Monday, March 01, 2010

Humility in Action

My problem with hardcore Calvinism is not the theology and logic of of it, I get it. Rather, it's more often than not the people of it, or more accurately, how they present it.

I realize I'm doing an unfair generalization in saying this, but it just seems to happen way too often. Especially in the enviroment where I teach. Well, this is an excellent article from Allen Yeh: A Calvinist Apology. It is a call (and excellent example) to a compassionate understanding and presentation of a difficult biblical truth - and difficult no matter where you stand on the issue. It is something I need to heed.

Here is a part of what he writes (emphasis added by me):

So in light of that, let me say what I should have said:

I know that Romans 9-11 is hard to swallow, because it clashes with our modern sensibilities. And if we’re to take the whole canon of Scripture seriously, this passage necessarily has to be included, especially since Romans is the most heavily doctrinal book of the Bible. But I think we often have a view of God that has a difficult time reconciling his judgment and his mercy, his truth and his love, his exclusivity and his love for all. These seemingly opposing concepts are as difficult to wrap our minds around as the Trinity or the two natures of Christ — after all, how is it possible for Jesus to be fully God and fully man at the same time? How is it possible for God to be totally just and totally merciful at the same time?

Part of the answer is rooted in mystery. I wish that Paul were a little clearer, for our sakes. I struggle with this myself — I’m sure when we all get to heaven we’re going to be asking Paul, “Why did you have to be so confusing with all the details? What did you mean by such-and-such?!” But maybe we have to be content that, “Now we see but a poor reflection as in a mirror; then we shall see face to face. Now I know in part; then I shall know fully, even as I am fully known.” (1 Cor. 13:12). But I know that “mystery” isn’t a completely satisfactory answer, and you may even wonder about your own salvation.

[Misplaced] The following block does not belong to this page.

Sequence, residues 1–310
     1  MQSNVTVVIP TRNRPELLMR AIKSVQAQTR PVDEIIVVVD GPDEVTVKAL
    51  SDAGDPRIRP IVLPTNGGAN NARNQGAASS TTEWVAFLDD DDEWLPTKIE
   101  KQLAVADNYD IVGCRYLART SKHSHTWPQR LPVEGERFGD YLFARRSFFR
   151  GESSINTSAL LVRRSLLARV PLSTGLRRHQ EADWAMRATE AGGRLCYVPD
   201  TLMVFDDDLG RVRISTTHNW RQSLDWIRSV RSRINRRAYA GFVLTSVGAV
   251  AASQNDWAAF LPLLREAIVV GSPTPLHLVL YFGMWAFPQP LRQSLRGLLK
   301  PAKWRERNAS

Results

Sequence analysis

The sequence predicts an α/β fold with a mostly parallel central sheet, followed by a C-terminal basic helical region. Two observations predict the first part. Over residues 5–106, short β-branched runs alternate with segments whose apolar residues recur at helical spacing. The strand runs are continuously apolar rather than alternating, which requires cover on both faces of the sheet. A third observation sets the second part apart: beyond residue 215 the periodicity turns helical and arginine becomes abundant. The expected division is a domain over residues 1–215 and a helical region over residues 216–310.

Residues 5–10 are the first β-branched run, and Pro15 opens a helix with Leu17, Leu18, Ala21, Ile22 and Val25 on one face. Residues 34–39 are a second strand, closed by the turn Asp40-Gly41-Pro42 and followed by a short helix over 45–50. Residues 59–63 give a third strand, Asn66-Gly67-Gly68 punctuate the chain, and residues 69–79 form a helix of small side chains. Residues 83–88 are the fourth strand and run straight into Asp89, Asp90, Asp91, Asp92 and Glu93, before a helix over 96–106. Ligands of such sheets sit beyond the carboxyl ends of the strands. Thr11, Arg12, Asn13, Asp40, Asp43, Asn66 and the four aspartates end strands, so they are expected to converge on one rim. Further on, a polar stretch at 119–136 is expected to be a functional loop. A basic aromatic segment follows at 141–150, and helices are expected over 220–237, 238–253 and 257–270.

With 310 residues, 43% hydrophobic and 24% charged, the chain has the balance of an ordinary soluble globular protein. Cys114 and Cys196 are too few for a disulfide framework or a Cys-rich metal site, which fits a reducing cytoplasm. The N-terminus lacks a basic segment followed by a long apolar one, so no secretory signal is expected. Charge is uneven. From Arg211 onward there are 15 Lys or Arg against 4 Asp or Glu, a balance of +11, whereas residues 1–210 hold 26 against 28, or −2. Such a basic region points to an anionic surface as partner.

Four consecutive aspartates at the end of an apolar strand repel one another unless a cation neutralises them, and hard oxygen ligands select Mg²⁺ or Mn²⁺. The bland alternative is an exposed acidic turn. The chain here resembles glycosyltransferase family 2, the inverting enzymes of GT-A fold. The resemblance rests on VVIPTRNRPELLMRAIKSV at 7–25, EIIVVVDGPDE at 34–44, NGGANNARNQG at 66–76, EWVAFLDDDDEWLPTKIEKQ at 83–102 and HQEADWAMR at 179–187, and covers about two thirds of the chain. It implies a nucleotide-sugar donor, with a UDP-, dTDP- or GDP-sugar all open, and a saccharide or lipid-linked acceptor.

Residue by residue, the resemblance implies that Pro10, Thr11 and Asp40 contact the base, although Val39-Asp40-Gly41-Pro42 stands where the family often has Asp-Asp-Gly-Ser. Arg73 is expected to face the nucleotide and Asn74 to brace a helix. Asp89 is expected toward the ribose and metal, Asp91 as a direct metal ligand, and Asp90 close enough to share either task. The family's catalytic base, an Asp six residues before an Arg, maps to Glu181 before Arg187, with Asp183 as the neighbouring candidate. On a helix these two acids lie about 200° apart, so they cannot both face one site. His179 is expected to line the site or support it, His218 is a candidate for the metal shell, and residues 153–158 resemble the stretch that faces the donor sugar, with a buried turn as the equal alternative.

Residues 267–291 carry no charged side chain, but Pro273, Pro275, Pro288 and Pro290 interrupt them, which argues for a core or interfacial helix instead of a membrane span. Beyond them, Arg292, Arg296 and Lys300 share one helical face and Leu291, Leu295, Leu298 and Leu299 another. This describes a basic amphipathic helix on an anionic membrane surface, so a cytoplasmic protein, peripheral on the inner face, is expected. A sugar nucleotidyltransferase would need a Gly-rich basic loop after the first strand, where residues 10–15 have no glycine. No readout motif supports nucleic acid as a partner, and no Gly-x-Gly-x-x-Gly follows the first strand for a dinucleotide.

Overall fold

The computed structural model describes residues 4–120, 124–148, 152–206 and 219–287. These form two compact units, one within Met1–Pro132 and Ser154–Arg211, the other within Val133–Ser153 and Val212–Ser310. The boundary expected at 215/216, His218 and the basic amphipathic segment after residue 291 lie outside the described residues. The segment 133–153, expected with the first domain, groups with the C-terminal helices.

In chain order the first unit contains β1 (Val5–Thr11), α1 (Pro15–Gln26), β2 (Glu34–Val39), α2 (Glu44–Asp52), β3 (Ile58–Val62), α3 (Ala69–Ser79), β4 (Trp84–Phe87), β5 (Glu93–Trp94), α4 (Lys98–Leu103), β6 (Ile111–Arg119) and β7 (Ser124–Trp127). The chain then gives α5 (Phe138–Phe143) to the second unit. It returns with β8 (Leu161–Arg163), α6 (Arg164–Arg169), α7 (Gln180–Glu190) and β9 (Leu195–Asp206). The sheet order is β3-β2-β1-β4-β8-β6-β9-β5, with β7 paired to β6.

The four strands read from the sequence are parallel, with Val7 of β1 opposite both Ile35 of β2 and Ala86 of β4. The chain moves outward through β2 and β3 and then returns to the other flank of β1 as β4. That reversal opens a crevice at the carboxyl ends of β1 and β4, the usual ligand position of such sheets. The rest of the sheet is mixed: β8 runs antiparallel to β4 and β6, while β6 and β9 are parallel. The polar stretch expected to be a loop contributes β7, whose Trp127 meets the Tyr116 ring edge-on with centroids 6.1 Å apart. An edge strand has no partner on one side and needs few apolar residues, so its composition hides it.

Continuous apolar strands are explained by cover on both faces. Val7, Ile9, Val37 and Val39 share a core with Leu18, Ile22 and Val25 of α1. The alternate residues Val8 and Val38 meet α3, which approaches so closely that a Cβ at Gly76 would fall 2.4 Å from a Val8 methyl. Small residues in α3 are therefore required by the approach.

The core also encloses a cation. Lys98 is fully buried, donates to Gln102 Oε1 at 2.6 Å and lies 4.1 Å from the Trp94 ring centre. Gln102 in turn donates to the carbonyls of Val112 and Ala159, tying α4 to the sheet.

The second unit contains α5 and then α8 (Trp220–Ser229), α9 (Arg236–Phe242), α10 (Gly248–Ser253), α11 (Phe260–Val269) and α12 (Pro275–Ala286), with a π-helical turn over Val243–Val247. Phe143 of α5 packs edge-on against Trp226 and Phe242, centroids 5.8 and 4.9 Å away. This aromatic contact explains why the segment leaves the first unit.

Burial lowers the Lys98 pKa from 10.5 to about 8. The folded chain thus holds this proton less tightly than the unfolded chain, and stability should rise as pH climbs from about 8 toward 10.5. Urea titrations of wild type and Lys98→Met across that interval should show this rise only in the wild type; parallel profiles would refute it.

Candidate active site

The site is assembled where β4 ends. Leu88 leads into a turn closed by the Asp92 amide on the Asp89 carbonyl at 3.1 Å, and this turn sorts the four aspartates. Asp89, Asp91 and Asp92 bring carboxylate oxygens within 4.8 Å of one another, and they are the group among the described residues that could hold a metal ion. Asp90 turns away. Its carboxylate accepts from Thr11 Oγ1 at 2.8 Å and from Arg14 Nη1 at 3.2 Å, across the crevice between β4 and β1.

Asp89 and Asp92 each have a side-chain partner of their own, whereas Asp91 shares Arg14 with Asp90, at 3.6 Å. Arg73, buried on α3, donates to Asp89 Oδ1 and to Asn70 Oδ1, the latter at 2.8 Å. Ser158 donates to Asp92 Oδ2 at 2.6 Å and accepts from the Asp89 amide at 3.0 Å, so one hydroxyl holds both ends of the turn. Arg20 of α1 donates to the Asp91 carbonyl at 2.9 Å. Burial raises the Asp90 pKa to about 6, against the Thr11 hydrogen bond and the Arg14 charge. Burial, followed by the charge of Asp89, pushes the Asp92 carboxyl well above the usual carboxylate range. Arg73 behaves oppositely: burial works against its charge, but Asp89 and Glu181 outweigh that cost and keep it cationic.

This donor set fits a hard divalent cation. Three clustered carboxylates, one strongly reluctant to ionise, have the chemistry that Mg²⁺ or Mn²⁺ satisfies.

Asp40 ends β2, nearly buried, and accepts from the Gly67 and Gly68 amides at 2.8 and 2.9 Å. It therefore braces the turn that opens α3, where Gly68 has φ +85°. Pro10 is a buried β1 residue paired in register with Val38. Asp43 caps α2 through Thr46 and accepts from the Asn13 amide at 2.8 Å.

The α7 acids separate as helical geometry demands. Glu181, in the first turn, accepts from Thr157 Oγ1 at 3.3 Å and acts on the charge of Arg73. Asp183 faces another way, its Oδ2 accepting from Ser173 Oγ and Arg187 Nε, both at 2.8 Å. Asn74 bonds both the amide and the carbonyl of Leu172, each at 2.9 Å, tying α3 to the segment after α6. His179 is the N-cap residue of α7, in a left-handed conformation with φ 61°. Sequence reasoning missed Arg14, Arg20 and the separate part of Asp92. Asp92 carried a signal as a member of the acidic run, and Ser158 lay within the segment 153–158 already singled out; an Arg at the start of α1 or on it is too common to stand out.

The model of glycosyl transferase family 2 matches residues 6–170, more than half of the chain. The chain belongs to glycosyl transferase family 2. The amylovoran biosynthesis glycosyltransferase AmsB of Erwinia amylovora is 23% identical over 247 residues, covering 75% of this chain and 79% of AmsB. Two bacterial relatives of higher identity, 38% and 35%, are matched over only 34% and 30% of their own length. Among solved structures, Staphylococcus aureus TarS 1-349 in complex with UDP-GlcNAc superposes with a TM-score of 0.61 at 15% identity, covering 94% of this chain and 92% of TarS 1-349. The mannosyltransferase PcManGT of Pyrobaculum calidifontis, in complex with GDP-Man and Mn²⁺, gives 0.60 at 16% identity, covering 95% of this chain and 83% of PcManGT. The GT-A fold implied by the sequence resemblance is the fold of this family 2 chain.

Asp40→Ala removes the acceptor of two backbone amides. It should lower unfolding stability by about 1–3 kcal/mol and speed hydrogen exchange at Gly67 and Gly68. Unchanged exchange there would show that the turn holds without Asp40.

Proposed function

So another part of the answer is God’s holistic nature. Rom. 10:9-11 is pretty clear in that, “if you confess with your mouth, ‘Jesus is Lord,’ and believe in your heart that God raised him from the dead, you will be saved. For it is with your heart that you believe and are justified, and it is with your mouth that you confess and are saved. As the Scripture says, ‘Anyone who trust in him will never be put to shame.’” If you think that Romans 9-11 is frightening, here you will find that it is also assuring. God is a both/and God, not an either/or God.

A third part of the answer lies in the Scripture passage I just quoted, which gives the simple yet profound message of the Gospel. If you are wondering about your salvation, and you have confessed with your mouth and believed in your heart that Jesus was crucified, resurrected and is Lord, then you are saved. It’s as easy as that! But at the same time, it’s as difficult as that. That is not an easy thing to believe, and the world sees it as “a stone that causes men to stumble and a rock that makes them fall.” (Rom. 9:33) It is folly to the world (in the Greek, the word is skandalon — a scandal!), but to us it is the wisdom of God.

Fourthly, if you are a Gentile Christian, this Romans 9-11 passage is for you! Paul calls us a wild olive shoot grafted into the olive tree. We are adopted heirs of the Promise! That is amazingly Good News. But this passage is also a warning: “Do not be arrogant, but be afraid. For if God did not spare the natural branches, he will not spare you either.” (Rom. 11:20-21) But it tempers that with this: “Consider therefore the kindness and sternness of God: sternness to those who fell, but kindness to you, provided that you continue in his kindness.” (Rom. 11:22) I love the fact that the word “kindness” appears so much in the epistle to the Romans (e.g. 2:4, “God’s kindness leads you towards repentance”). The word “kindness” is like a flower that blossoms after the rain. It dots the landscape and makes everything beautiful.

You can read the entire article here >>

3 John 8
Bill H.

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